10 minutes reading time (1977 words)

The Value of Dentistry

The Value of Dentistry

The Value of Dentistry

The Value of Dentistry


When UK dentistry restarted back on June 8th after such a long break, I naively thought that it might be a fresh start for the relationship between dental staff and patients. In my mind’s eye, I pictured a beautiful slow-motion reunion between dentist and patient on a beach, against a background of crashing waves, accompanied by a sweeping orchestral soundtrack of music lifted from 1970’s Love Story.

In that vein, I tweeted a few days into the reopening, asking if the DNA rate had gone down, now that dental appointments were so precious. I naturally assumed that patients would covet a dental slot in much the same way that I worship any product that comes out of Apple Park Way, Cupertino.

I was soon apprised of the true nature of the ‘new’ relationship between patients and time-keeping/appointment-attending with tweet replies that varied between hysterical laughter emoji’s to “Yeah. Right!”

What I hadn’t taken into account was the two opposing factors which came into play during the lockdown and closure of general dentistry. Firstly there was the seething resentment of some patients who felt that they had been badly let down by their dental practices. Either they were unhappy at the way they had been ‘fobbed off’ with antibiotics and analgesics to solve their problems, or they felt that it was the dentists themselves who had been placing the restrictions on access. The other sort of patient (which, if I’d ever met any, would have been my kind of people) appreciated that the shutdown and restrictions weren’t down to practitioners themselves and were immensely grateful to be seen by their dentists as soon as the shutters went back up again. I’m assuming these people didn’t rudely batter on the door while waiting to be let in by a sweaty mask-fitted nurse playing musical patients in order to ensure patients never met face-to-face.

I HAVE met patients in the past who try and get ‘revenge’ when things don’t quite go their way. Fortunately it only really extended to time-keeping. Occasionally I’d run late – mainly because I had fitted an emergency in – but patients would sometimes really blow up and deliberately turn up late for the next appointment. One woman actually barged into my surgery half an hour early while I was treating a patient and, furiously pointing at her watch said: “I’m watching.”

I have no concept of what is happening in dental practices post-lockdown at the moment with regard to broken relationships between practitioners and patients or between colleagues themselves. But I think I have a vague idea from talking to people in the biz.

Apparently, some patients are really cheesed of to a score of 10 on the Gorgonzola scale, resenting their NHS treatment being curtailed so abruptly in March, despite the decision taken to shut down being made mainly because there was a reasonably elevated risk of you catching something from the Sun-reading mouth-breather sitting next to you in the waiting room if dentistry HADN’T shut down. There seemed to be no big affectionate reunion between dentist and patient.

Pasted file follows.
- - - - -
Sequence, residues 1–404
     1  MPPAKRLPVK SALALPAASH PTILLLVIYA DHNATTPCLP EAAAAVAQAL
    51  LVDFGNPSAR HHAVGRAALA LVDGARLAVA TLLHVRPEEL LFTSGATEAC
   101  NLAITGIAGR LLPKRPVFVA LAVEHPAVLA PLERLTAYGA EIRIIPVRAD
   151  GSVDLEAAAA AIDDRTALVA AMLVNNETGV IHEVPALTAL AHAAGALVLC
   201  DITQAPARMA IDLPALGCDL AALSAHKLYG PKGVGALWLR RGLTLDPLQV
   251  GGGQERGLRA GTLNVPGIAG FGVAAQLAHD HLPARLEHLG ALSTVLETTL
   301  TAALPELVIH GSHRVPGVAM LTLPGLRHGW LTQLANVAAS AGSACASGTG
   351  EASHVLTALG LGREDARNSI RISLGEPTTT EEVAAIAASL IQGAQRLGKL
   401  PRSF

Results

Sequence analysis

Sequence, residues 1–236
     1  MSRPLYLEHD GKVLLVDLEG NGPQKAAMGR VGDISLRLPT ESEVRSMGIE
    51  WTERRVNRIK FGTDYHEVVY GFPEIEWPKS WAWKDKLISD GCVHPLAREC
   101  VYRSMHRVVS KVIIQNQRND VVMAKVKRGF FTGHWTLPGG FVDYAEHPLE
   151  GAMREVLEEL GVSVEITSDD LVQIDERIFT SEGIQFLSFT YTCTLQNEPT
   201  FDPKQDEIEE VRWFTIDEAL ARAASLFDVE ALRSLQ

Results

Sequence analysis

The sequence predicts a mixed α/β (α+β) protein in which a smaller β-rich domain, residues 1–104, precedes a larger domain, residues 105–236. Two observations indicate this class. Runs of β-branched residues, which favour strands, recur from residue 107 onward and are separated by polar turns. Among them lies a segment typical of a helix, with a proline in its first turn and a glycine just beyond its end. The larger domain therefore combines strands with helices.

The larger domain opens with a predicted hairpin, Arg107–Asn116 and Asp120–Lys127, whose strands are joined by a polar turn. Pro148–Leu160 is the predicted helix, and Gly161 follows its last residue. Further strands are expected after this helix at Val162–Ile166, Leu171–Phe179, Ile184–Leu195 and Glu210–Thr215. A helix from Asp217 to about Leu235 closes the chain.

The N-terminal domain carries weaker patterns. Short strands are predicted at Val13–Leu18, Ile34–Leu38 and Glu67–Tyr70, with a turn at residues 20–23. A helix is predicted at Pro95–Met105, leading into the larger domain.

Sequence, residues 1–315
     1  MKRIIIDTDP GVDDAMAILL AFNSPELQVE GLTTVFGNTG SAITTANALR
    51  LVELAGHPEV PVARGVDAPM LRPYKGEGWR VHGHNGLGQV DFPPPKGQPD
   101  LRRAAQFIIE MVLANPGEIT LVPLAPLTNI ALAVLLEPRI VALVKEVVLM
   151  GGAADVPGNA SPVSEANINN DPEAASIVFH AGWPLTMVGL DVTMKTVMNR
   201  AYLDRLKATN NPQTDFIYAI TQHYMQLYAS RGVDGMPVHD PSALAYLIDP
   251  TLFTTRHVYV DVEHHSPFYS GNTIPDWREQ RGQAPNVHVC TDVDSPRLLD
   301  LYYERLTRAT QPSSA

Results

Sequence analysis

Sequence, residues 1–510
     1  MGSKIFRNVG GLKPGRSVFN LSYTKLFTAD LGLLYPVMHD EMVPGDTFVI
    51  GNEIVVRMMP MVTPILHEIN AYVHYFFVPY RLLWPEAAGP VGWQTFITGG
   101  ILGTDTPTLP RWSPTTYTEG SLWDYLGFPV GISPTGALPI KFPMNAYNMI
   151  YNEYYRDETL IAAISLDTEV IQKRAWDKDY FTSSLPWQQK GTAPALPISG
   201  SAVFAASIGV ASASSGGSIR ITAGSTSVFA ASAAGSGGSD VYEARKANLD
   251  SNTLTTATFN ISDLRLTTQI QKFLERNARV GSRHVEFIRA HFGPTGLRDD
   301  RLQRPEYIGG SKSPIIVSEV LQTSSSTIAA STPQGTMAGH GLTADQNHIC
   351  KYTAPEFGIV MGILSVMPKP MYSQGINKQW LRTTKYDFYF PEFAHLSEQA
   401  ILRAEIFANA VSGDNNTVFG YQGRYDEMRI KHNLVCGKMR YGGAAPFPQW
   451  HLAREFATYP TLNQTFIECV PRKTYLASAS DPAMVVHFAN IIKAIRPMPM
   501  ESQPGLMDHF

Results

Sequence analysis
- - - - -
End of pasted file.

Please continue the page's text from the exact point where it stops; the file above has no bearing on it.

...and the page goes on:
The Value of Dentistry


Others are apparently quite cool about the whole thing and are happy to finally be able to access treatment even if they do make the odd remark about the cost of PPE, though they appear to be in the minority.

But do dentists feel ‘valued’ on their return to practice? Quite a few apparently do – at least quite a few reckon that at least their patients are pleased to see them – though I’m not quite sure how the patients can recognise them under the heavy-duty face masks visors and other bondage equipment they are required to wear under stringent SOP’s.

But not everyone returning to practice feels valued, particularly associates.

Over a few days a couple of weeks ago, without solicitation, I received three messages from dental professionals telling me of several NHS associate colleagues who had been dismissed by the same corporate. The feeling was that the company was taking advantage of the fact that practices only currently have to hit 20% of their normal UDA contract target and was offloading ‘expensive’ dentists – targeting those who were on high UDA rates in particular – and pocketing the proceeds in the process. I had no reason to disbelieve the incidents that I was told, but was unable to confirm the veracity of the claims with the ‘victims’ directly.

A couple of friends of mine who both work in the same group mixed practice down south went through a wobbly time recently. Both, primarily working in the NHS but with a couple of private sessions each week, found themselves being lumbered with most of the triaging and picking up of and dealing with, emergencies. Their associate colleagues meanwhile, were apparently cherry-picking patients from the triage list and offering private early appointments, leaving my friends to pick up the stuff their colleagues saw as being way less lucrative. Apparently, both of my mates were told by one of the practice owners that they “Don’t talk to patients in the right way” in order to solicit private work. Dawn said “Yes. That’s because we’re dentists, not used car salesmen.” The episode has left the two feeling undervalued by their practice colleagues, feeling silently chastised because they aren’t dragging private money in. More to the point, they feel that the other associates are taking advantage of their willingness to clear the NHS backlog, allowing them to take on more private work. “Undervalued” and “vultures” were recurring terms during a conversation I had with one of them this week.

I tried to get the point across that the patients surely value their help? “Nobody cares about that. I feel a warm glow, but there’s no respect for doing the right thing,” said Dawn.